When the nameless Card Player takes on Lucifer at poker and actually wins the big pot—the ability to succeed at anything he desires—you’d think there’d be a happy ending to an original rock opera debuting on Halloween night.
The risks are just beginning—for the characters in the rock opera, and for, Christoph Whitbeck, the local musician who wrote it.
Whitbeck’s The Devil Plays Poker is a serious Halloween trick-and-treat musical that opens Thursday night for four performances through Sunday at Lyric Hall in Westville.
It is a cautionary tale about the meaning of success. As producer, director, chief marketer, guitar player and actor who plays the Devil himself, Whitbeck has also taken taken a personal gamble to create his first rock opera.
At a rehearsal in his Hubinger Street apartment, which he shares with other musicians, the Monroe-born Whitbeck said his story’s style originally followed a literary model. He wanted to have eight gamblers, in the spirit of the The Canterbury Tales, pilgrimage to a casino-style inn, which just happens to be owned by the Cloven Hoof One Himself.
That elaborate cast lent itself neither to the 17 songs Whitbeck had been writing since 2007 on Mephistophelean themes, nor to his modest budget.
So he revisited the story. He came up with a single Card Player who risks his love in a gamble with the Devil and pays dearly for his win.
A viola player in the fourth grade, saxophonist for the high school band, and an autodidact on the guitar (thanks to Internet instruction), Whitbeck most recently played in the now defunct band Tree Stars. He acted in a recent adaptation of David Ives’ plays at Lyric Hall. He keeps body and soul together clerking at a music store in Monroe.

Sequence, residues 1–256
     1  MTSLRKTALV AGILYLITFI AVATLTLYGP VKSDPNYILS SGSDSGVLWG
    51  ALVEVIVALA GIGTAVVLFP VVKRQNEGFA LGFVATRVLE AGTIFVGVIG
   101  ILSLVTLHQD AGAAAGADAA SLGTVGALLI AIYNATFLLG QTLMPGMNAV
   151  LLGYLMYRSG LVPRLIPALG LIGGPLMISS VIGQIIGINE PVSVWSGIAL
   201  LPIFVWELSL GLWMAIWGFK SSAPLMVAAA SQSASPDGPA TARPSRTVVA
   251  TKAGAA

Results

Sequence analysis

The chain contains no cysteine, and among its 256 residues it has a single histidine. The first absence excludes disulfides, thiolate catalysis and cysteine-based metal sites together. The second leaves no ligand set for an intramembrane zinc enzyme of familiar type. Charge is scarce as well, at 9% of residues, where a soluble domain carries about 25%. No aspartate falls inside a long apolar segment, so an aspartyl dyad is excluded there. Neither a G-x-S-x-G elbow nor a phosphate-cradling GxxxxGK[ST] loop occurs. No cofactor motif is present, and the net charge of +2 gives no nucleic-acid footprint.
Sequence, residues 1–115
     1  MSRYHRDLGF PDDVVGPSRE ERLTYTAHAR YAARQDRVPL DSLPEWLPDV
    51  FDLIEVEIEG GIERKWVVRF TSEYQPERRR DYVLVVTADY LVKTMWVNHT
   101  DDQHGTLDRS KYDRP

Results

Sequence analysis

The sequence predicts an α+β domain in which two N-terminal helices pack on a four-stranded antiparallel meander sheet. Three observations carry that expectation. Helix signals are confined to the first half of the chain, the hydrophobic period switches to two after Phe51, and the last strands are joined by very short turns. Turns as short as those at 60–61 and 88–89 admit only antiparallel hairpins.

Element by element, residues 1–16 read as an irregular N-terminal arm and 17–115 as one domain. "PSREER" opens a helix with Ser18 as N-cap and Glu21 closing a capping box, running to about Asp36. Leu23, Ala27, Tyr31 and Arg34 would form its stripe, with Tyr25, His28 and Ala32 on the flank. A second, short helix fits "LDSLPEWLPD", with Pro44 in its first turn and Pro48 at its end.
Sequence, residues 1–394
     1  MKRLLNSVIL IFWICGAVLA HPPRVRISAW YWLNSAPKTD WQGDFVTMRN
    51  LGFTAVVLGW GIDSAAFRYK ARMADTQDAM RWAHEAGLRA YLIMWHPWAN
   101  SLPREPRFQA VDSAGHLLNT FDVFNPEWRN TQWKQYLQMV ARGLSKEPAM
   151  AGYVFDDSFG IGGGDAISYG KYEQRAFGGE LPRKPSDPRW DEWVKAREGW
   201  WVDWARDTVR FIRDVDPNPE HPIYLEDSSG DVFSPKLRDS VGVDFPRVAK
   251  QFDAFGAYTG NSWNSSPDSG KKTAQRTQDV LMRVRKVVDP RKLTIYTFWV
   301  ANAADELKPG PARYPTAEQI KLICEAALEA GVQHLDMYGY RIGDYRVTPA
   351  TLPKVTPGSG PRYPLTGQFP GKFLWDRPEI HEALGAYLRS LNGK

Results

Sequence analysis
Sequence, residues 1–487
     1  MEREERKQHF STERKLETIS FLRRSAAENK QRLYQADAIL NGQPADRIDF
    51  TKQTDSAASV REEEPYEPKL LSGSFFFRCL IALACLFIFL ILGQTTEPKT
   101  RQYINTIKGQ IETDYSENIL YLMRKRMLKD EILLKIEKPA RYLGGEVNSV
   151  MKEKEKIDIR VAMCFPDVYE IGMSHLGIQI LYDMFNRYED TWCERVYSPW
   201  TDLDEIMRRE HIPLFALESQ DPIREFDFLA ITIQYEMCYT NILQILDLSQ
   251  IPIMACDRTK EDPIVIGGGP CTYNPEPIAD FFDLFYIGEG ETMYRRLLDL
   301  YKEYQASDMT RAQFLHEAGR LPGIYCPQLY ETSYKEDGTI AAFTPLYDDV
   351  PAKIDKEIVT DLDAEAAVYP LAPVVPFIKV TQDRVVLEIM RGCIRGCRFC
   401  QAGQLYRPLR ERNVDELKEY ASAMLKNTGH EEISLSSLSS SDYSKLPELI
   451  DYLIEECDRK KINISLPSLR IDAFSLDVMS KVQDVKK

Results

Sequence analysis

When he finished fleshing out the story in 2009, the songs just waited, and waited. “They didn’t get any better and they didn’t get heard except by a few close friends,” Whitbeck writes in the program notes.
“A close friend said, ‘The thing about art is you can always make more.’ It’s time to stop waiting. Halloween 2013. Let’s do this.’”
And he has. Whitbeck rented Lyric Hall. He assembled four actors and two musicians, all of whom he is committed to paying.
Then he thought about sets. The actors, who have only singing parts, needed chairs. Whitbeck wanted all red ones, which fit the bloody endgame of the opera. But the third would have to be white.
He prevailed on an electrical-engineer friend to make foot switches that he will control to create oscillating, scary light during the thunder and lightning sequences. The singers will wear everyday clothes for most of the production. For the night of violence Whitbeck was able to find four identical nightgowns at Goodwill, which he intends to cover with blood by the end of the first act.
The rest of the set will be created through pictures thrown from an overhead projector. (It can easily fit in the car.) Two artist friends have created artistic banners with graphics, like super titles, to help clarify the story.
“My goal is to keep it portable, minimal, to take on the road,” Whitbeck said.
The simplicity fits the budget as well as Whitbeck’s aesthetic. He goes after big game with modest means. “I appreciate a minimalistic approach. It can be vague some time, but people can fill in.”
He shows the Card Player’s love for his fiancee and how he blows it all through songs; there is no recitative. The show relies on minimal visual art So audience members “in the end listen and can make up their own story,” Whitbeck said.
Whitbeck described his music as good old loud, rhythmic rock and roll with the literary, folkloristic narrative influence of “The Hazards of Love” by the Decemberists and Anais Mitchell’s “Hadestown.”
Beside Whitbeck, the show’s musicians are D’Andre Fontanelle on bass guitar and Jake Habegger on drums. The singer/actors are Peter Cunningham as the Vagrant; Mysti Keller as Mother; Jackie Meeker as the Fiancee; and Michael Walker as the Card Player.
For ticket information, click here.